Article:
It is the year 1984. A lonely computer programmer is found dead in front of a teletype terminal, bad garage rock blasting in his room. The last application he ran? snake::reloaded.

snake::reloaded is an immersive story-driven classic snake game, enjoyed through the beauty of an 80x25 text-based interface. The rules are simple - collect fruit, grow longer, and finish the level.

Find out what happens to the warring factions of the Planet of the Snakes! Use special abilities and items such as your armor, portals and even time reversal to aid in your quest.

Read More: Best Real-Time Simulation Games.

snake::reloaded on Steam

Time Bandit – Part 1: Appendages of the Machine

Time Bandit – Part 1: Appendages of the Machine

A Game That Takes Time

A dark life sim that unfolds slowly in real time, with an unusual combination of elements from idle, stealth, and puzzle genres.

Make your choices carefully, because everything you start will take time to finish–just like in real life. Place down one of these automated forklifts to push a box for you, for example, and it’ll take an actual half an hour to finish moving it:

You’ll just have to go and do other stuff and come back later.

You work as an independent contractor for a mining company, but soon you discover they’re trying to take control of time in order to make you work for them forever. Manage your money, fuel, and energy while slowly solving puzzles to collect the time crystals and then pull off high-stakes stealthy heists to steal back from your employer.

Featuring tons of real-time game mechanics:

  • Move boxes, grow trees, build bridges, and compact trash–and wait for them to finish.

  • Different guard rotations and different consequences for getting caught depending on the time of day when you play.

  • A story that unfolds slowly through conversations that work like real-life phone calls. Characters will only call you periodically to advance the story over the course of days and weeks of playtime.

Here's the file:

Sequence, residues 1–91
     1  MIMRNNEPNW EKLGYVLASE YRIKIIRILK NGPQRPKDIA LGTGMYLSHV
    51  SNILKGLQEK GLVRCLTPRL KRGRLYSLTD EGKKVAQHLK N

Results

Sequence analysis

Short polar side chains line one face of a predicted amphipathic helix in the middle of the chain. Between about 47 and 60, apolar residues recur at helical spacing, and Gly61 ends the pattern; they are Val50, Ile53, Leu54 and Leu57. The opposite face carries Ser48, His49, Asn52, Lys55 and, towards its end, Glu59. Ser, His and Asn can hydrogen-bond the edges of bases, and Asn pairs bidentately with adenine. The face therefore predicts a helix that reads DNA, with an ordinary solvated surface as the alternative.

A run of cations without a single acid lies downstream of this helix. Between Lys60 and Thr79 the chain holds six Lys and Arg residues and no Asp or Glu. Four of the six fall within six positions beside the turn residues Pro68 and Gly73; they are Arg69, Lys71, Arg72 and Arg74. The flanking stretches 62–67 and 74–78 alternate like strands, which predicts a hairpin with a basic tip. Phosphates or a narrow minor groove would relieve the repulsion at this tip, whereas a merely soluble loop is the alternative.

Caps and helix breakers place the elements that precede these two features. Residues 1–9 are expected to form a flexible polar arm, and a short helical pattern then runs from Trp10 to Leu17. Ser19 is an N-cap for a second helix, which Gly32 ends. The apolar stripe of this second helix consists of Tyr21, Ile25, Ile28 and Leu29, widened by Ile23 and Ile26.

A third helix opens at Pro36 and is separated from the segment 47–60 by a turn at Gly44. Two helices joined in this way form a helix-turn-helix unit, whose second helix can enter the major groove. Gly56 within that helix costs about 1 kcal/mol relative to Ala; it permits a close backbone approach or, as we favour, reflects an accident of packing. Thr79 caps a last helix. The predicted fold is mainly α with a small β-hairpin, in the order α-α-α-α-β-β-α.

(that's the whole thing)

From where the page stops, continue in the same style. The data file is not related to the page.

• Your energy meter goes down while you play, and it takes up to 8 real-time hours of good sleep to fill it up all the way.

  • Meet characters at the actual meeting times that you set with them.

  • Real-time dynamic music.

  • And much more.

A Story of Political Intrigue

The first part of an epic, explicitly anticapitalist melodrama, told through lowpoly cutscenes and radio conversations inspired by early cinematic games. The company’s CEO and shareholders have come up with a scheme to live forever, but it will mean sacrificing the lives of their workers. Fight for a world where everyone has a right to their time.

Use the realistic radio to call characters anytime for dialogue about whatever situation you’re in. You’ll find hints on what to do next, details that expand the story, fourth wall–breaking humor, and more.

A challenge with real consequences: Don’t get caught by guards or let yourself fall asleep, or you might end up stuck waiting it out in jail or the hospital.

Fixed camera angles in gameplay, just like in the old days. With a real-time day-and-night cycle and real-time weather tied to your location, to make the game integrate more with your life.

Tons of playtime in part one alone. And you can use your save file to continue where you left off when the next part comes out. Truly commit to the long haul of the real-time experience.

Join Time Bandit’s Discord to receive development updates and offer your feedback on work in progress!

Read More: Best Real-Time Narrative Games.

Time Bandit – Part 1: Appendages of the Machine on Steam

Light of the Locked World

Light of the Locked World

Light of the Locked World is a fantasy role-playing game.

Enter a developing world of Kayos, try to start a new life, and become entangled in a fight against an existential threat.

Planned features:

  • Open and atmospheric world: Freely roam in a world with lively settlements, vast meadows, desolate deserts, and treacherous ruins.

  • Capable characters: Interact with the world’s inhabitants that can help and fight each other, gain experience, take and equip items, belong to factions.

  • Persistence: Characters and environment are persistent, the results of your actions are preserved indefinitely.

  • Intense combat: Conquer the lawless lands with the game’s real-time combat system - wield magic and medieval weapons, perform and dodge deadly attacks.

  • Become powerful: Equip your character with weapons and armor, master combat and crafting by leveling classes, earn faction respect, learn spells.

  • Play together: The game has local multiplayer support for two players - cooperate to overcome challenges or compete for territory and resources.

Let’s talk!

Got questions, suggestions, or need help with the game? Leave a comment and I’ll do my best to reply.

Developer’s Discord

Developer’s Twitter

Read More: Best Real-Time Exploration Games.

Light of the Locked World on Steam

The Last Express Gold Edition